On the one side, there are the technical translators or translation agencies. These guys sink their teeth into manuals and operating instructions for everything from medical equipment to food processors. Purely logical content and plenty of jargon. These kinds of texts can only be interpreted in one way, with no scope for nuance. To put it simply, this is all about translating words. More recently, hybrid engines have started to produce more acceptable output, but don’t get your hopes too high. If the same output came from a human translator, it would be frowned upon and classified as poor.
A long way to go
It goes without saying that this technical segment is more prone to disruption, even though technology has been integrated into the translation process for quite some time. Machine translation is not a swear word in this part of the translation world. That being said, a human revisor is an absolute must. Unless you’re aiming for some first-class comedy, that is! A recently published poll on ProZ.com – the world’s largest online community of translators – revealed that only 4% of all translators have no reservations about checking machine translations. The reason? The quality is just too low. Disruption is on its way – incorrectly and hilariously translated by Google Translate as ontwrichting is op zijn manier in Dutch (= disruption is on its manner) – but it still has a long way to go.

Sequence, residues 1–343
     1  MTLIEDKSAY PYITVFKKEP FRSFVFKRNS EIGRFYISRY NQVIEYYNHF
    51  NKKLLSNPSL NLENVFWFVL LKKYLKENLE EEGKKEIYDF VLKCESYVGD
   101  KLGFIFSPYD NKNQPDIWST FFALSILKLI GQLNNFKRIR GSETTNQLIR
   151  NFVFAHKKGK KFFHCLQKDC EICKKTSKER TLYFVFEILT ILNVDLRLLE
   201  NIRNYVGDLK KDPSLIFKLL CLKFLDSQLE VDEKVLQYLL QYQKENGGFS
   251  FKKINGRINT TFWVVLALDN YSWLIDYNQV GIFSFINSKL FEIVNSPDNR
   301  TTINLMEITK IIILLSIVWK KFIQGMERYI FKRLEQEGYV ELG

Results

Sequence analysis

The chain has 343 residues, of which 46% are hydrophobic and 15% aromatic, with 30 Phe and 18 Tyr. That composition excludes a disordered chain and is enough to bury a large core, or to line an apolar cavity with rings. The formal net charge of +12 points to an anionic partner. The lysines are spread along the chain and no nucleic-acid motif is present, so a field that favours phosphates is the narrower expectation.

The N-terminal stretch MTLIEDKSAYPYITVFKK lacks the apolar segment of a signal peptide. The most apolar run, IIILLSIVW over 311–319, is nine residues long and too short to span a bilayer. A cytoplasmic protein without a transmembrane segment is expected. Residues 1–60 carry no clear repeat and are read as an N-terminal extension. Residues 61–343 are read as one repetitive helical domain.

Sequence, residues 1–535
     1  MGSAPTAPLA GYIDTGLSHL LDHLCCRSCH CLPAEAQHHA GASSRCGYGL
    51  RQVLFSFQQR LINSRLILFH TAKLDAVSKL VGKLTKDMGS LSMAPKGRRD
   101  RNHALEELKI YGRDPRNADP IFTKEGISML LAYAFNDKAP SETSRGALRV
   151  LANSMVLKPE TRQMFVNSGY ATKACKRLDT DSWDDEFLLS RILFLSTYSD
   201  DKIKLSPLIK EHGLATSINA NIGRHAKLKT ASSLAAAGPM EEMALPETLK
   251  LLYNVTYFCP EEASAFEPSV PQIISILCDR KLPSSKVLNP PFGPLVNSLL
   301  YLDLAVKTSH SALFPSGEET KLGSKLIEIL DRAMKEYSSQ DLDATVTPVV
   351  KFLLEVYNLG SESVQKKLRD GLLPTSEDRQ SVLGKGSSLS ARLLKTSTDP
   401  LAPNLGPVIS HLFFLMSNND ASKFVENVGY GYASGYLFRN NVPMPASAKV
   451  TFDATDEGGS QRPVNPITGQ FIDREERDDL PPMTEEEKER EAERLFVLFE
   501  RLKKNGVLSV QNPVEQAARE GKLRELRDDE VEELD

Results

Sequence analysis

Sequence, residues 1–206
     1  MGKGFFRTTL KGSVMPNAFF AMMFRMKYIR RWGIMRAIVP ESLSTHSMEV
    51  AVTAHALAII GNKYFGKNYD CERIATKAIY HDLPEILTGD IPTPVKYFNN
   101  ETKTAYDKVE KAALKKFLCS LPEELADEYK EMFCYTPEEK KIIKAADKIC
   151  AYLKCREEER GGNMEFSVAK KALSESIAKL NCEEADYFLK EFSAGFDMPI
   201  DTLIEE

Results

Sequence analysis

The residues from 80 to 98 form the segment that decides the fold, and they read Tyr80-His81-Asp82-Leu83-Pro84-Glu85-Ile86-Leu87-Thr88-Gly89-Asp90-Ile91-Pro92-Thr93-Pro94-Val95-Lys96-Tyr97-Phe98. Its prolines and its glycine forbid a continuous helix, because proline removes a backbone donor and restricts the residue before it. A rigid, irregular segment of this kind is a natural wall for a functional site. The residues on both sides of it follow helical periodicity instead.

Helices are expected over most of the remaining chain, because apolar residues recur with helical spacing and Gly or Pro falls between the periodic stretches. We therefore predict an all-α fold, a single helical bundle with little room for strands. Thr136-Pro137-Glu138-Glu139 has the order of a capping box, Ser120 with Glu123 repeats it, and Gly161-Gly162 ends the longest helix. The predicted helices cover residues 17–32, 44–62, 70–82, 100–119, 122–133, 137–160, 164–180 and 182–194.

The other side of the translation world is where the non-technical translators live. Be it commercial websites, pure storytelling or marketing communication, the big difference here lies in the fact that it is ideas which are translated rather than words. You could describe technical translation as a skill and creative translation as an art. I am therefore convinced that computers will never be able to compete with creative translators. Not now, and not tomorrow either. Self-learning or not.
Translation = writing
You might be able to teach a computer vocabulary, grammar and spelling, but what about tone of voice? What about style? And one step further even, what about language humour or irony? It is precisely this emotional charge which renders an algorithmic analysis or approach to language impossible. The translation of technical content will undoubtedly continue to improve, but what about ‘real’ language? How would MT handle an ambiguous phrase such as “Time flies like an arrow; fruit flies like a banana”, for example? As argued above, you can teach a computer how to write correctly, but it will never win a Booker Prize. The same applies to translation, as translation is writing first and foremost. “Writers make national literature, while translators make universal literature”, as José Saramago put it so neatly.
If MT ever manages to pass our translation test – more treacherous than Mordor, according to insiders – I would be prepared to review my position. And quite possibly to eat my hat. In the meantime, let me sum up with an infamous translation quote: translators who can be replaced by machines, should be.